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Family sues Macon sheriff, deputy for wrongful death

Scott Knibbs Scott Knibbs

Macon County Sheriff Robert Holland is being sued for wrongful death after his deputy Anthony Momphard Jr. shot and killed Scott Knibbs in his home a year ago. 

According to the civil lawsuit filed in federal court last week, Scott’s widow Melissa Knibbs is seeking $75,000 in damages against the sheriff, the deputy and Western Surety Company, the sheriff’s liability bond provider, for wrongful death and violations of Scott’s constitutional rights under the Second, Fourth and Fourteenth Amendments. 

Since Scott’s death, the family has been represented by Waynesville attorneys Adam and Mark Melrose with Melrose Law Firm.

The tragic incident shook the community last April with different stories coming from Holland and testimony from family witnesses. Momphard shot Scott several times around midnight April 30 through the front window of his home. Momphard was cleared of any wrongdoing last August by District Attorney Greg Newman following a review of the State Bureau of Investigations findings.

While Melrose painted Knibbs as a good man with a history of community involvement and even completed law enforcement training, the sheriff’s department reported that Scott had been confrontational and refused to lower his weapon when Momphard approached the house in response to a 911 call from a neighbor. 

On April 29, Scott was at his Pheasant Drive home with his wife, his 21-year-old daughter, his 13-year-old son and his 5-month-old grandchild. According to the complaint, the Knibbs neighbor up the road was having a party and around 10 p.m. one of the neighbor’s visitors mistakenly pulled into the Knibbs’ driveway. Scott and the visitor exchanged words and Scott directed him to leave. 

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It was allegedly not the first time the Knibbs had taken issue with the renters hosting parties and people driving too fast down the narrow dirt road. Scott had placed wooden boards in the road as “makeshift speed bumps” to slow down the vehicles so they wouldn’t be a hazard for his children and grandchildren playing in the yard. Around 11:40 p.m. the neighbors called 911 reporting the boards in the road had nails in them and their visitors couldn’t leave. Momphard was dispatched and parked his patrol car on the road before he approached the Knibbs’ home at 11:55 p.m. The lawsuit states the vehicle couldn’t be seen from the house and that the deputy didn’t trigger any sirens, lights or horns to announce his arrival.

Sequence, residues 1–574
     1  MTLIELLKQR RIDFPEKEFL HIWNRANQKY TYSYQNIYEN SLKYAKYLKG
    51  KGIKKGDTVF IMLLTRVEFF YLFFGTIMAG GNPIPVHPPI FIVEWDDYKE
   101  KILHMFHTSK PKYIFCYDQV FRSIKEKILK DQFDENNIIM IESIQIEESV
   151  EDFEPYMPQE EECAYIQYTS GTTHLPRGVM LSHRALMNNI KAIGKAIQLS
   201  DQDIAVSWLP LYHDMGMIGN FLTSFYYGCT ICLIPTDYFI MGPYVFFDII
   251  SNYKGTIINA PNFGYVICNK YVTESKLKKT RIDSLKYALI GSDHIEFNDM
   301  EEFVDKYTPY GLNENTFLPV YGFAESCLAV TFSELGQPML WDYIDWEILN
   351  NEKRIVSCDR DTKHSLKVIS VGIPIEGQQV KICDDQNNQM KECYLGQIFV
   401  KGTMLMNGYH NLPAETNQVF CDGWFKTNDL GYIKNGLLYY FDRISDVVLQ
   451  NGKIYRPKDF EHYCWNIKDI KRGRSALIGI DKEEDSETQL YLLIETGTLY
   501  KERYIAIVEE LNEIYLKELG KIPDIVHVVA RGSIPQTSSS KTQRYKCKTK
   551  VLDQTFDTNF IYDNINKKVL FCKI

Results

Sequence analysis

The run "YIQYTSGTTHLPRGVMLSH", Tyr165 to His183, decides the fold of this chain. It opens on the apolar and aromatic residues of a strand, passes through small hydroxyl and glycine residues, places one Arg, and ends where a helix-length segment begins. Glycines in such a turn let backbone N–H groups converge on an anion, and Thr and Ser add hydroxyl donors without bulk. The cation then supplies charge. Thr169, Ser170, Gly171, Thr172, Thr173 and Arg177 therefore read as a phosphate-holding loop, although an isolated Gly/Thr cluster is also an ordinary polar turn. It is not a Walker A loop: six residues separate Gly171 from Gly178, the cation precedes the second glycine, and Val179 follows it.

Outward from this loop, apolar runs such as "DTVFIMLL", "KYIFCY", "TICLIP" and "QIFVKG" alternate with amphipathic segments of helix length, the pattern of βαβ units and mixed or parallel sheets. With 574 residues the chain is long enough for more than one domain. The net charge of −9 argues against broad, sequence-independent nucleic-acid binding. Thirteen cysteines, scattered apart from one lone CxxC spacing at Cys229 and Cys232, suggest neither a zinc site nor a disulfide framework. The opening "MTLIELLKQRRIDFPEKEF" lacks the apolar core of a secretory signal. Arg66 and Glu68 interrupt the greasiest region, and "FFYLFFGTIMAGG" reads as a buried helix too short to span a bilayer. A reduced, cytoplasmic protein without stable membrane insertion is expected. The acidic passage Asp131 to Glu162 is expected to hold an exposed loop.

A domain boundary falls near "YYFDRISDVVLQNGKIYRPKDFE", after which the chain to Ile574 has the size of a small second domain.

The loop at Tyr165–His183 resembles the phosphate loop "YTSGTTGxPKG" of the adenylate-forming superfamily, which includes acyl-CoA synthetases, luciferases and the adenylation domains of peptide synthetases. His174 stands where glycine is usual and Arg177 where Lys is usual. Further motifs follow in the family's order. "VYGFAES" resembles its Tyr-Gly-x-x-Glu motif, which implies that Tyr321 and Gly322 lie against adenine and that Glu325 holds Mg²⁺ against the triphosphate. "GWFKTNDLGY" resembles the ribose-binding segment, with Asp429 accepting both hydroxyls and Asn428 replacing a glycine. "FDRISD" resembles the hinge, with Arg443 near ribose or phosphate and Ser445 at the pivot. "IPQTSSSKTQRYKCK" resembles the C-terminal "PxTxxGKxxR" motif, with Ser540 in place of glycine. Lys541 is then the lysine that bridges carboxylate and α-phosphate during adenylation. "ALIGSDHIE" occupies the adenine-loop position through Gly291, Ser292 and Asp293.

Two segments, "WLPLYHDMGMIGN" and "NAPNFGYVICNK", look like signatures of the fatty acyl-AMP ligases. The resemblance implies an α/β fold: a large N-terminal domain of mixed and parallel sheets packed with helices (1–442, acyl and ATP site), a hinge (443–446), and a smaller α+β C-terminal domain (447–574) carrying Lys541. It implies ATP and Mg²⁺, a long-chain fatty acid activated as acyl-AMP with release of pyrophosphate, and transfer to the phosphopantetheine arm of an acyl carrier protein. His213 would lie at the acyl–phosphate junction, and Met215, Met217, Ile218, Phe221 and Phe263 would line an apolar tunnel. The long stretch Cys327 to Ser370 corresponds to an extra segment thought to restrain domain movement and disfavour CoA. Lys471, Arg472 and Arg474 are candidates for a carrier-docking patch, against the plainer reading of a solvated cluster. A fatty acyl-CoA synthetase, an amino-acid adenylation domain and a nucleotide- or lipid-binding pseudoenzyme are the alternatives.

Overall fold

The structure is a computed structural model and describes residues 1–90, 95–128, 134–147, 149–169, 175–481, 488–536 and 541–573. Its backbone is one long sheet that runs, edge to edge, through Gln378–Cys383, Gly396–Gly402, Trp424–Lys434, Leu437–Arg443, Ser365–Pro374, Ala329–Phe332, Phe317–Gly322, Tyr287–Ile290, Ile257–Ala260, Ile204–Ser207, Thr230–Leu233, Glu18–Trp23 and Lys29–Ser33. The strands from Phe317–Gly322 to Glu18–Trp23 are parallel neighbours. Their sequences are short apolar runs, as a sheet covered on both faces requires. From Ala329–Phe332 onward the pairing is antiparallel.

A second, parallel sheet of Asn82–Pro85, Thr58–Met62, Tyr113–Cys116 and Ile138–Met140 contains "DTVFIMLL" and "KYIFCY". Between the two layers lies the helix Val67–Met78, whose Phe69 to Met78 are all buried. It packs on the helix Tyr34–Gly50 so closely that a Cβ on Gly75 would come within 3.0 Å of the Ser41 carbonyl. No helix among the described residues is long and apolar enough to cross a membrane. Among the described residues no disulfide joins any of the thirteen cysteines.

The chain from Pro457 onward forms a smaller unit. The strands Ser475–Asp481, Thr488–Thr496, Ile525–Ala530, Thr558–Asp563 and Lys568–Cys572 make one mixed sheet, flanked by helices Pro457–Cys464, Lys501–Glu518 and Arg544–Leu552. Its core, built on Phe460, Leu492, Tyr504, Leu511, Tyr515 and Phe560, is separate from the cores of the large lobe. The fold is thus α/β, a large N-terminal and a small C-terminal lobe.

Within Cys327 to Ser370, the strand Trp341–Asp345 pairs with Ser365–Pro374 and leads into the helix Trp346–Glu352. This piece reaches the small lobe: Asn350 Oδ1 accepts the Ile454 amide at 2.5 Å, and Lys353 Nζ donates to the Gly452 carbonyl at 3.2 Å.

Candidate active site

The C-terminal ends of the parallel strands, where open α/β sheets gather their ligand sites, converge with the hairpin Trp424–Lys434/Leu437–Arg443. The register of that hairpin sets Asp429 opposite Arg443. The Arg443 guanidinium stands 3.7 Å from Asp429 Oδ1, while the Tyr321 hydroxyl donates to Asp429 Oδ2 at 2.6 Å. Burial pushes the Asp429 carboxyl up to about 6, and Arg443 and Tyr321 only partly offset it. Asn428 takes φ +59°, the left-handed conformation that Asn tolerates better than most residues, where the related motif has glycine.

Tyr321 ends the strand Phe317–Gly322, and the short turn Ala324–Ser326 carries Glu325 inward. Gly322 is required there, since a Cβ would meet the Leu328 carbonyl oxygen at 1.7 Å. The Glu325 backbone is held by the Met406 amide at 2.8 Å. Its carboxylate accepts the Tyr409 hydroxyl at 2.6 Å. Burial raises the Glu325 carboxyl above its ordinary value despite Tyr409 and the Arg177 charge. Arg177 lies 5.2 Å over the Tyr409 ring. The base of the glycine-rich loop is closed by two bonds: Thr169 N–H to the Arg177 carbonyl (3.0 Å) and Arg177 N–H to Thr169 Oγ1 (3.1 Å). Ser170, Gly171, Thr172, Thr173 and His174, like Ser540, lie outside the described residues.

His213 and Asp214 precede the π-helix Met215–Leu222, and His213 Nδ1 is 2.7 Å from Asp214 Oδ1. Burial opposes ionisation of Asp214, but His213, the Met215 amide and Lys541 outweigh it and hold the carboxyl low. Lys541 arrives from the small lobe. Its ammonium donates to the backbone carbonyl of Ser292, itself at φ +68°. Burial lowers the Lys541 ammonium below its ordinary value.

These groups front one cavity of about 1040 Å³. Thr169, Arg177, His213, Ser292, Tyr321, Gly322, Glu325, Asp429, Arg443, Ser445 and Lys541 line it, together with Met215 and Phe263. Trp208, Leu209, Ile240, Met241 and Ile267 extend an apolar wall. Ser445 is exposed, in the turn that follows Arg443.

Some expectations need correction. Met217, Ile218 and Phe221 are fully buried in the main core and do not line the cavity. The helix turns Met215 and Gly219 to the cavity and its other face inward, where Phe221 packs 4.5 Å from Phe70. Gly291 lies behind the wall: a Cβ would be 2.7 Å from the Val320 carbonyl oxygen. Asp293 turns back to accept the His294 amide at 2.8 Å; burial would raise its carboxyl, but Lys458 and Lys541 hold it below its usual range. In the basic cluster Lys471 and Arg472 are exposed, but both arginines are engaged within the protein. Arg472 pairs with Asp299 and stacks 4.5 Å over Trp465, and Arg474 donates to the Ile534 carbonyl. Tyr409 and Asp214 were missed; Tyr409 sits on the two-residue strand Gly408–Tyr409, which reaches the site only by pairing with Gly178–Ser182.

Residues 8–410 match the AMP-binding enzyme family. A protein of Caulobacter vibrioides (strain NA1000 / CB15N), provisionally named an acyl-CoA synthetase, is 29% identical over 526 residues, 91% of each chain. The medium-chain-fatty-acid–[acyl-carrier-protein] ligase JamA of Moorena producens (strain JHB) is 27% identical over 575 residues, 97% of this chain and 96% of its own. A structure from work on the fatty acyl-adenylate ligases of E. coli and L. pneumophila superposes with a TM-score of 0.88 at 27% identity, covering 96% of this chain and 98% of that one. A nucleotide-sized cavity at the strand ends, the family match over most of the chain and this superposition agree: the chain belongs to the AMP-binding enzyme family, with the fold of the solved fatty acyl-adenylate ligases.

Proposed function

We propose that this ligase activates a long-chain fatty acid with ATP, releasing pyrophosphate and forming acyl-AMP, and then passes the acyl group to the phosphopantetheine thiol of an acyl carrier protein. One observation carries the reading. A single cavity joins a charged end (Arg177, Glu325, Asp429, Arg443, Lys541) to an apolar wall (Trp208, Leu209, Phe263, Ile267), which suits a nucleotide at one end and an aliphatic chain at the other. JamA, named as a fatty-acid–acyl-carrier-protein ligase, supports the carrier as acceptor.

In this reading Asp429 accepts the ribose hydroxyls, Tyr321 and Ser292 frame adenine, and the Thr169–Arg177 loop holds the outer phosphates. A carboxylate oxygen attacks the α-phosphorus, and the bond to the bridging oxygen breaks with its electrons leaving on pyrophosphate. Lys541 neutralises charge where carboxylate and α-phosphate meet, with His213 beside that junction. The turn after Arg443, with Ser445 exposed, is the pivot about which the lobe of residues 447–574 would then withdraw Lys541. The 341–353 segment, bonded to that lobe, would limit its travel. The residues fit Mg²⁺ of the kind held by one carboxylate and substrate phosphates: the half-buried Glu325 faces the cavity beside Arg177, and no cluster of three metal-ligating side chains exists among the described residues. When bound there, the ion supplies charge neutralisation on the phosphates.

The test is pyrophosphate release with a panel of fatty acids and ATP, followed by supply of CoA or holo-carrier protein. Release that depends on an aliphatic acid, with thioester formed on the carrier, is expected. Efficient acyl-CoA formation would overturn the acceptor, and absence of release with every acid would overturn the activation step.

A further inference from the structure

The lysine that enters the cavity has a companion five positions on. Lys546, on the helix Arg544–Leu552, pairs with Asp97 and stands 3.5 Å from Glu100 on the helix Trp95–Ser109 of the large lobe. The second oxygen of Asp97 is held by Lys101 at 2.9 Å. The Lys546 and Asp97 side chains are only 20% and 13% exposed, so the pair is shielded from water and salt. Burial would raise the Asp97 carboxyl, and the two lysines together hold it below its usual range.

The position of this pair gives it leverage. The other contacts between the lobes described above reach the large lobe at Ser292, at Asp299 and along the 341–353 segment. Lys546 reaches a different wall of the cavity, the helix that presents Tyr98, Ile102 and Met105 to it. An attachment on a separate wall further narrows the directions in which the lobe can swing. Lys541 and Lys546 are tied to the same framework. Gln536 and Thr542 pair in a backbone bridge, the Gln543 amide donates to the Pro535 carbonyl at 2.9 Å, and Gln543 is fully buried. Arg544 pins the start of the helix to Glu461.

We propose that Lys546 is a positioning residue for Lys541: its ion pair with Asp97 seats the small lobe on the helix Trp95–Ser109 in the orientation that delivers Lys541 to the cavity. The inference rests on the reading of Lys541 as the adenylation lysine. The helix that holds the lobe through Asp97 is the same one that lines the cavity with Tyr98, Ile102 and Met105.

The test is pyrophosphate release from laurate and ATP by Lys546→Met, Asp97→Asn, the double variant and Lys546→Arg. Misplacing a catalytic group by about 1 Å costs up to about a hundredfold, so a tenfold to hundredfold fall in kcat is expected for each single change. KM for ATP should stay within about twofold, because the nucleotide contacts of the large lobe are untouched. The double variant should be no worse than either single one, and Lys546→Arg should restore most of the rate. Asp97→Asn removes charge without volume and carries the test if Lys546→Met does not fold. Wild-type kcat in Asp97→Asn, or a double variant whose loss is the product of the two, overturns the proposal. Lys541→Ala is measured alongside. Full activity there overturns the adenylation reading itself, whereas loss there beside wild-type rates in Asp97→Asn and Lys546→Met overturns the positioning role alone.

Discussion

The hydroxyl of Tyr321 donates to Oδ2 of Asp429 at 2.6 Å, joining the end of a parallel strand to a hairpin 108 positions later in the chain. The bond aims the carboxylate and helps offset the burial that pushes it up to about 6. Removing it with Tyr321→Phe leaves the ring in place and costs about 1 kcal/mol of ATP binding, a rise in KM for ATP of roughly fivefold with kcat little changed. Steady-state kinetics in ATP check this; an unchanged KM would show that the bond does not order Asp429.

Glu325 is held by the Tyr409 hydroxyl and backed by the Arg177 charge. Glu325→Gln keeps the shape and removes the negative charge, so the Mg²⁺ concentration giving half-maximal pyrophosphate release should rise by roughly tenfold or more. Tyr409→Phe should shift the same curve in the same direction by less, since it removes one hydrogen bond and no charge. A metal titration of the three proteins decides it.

After meeting with the neighbors and getting the boards removed from the road so people could leave, Momphard and one of the neighbors approached the Knibbs’ home. 

“Upon information and belief, Momphard, without regard for the late hour or the fact that the entirety of the dispute was, as he described it, a civil ‘right of way dispute,’ decided to roust the Knibbs family out of bed,” the lawsuit states. 

Since Momphard didn’t move his patrol car, activate lights or sirens or otherwise “adequately” announce his presence on the Knibbs’ property at such a late hour, the lawsuit claims the deputy acted recklessly and created a dangerous situation. 

However, in Newman’s report clearing the deputy of wrongdoing, he stated Momphard did announce himself at the door and didn’t get a response. Newman also reported Momphard heard someone rack a round in a shotgun inside the home and yelled for the person to put down the weapon three times. When he shined the flashlight into the home, Momphard allegedly saw Scott pointing the shotgun at him before he opened fire.

The complaint also points out that it’s not unusual for a rural Macon County homeowner to answer the door with a firearm in hand for his own protection. 

After hearing two unknown voices on his front porch, Scott got out of bed and grabbed his shotgun before heading to the front door. Scott allegedly couldn’t see who was on the porch because the deputy was shining a flashlight through the window and still didn’t identify himself. 

“As soon as Scott rounded the corner from his bedroom to the living room to answer the door, Defendant Momphard opened fire through the front window of the Knibbs’ residence,” the lawsuit stated. 

It goes on to say Scott didn’t point his shotgun at Momphard or threaten him in any way. He then allegedly broke open the door and stood over Scott with his gun still drawn. The suit also claims the deputy pointed the gun at Melissa when she came into the living room crying and wouldn’t let her give aid to her husband. 

“Momphard directed Melissa and Megan (his daughter) into a corner. The only thing they could do was watch helplessly as Scott bled out and died on his own living room floor,” it stated. 

The complaint states Holland is also responsible in Scott’s death because he hired a “substandard” officer that wasn’t properly trained and because he went on TV and defended the deputy’s actions to the press immediately following the shooting.

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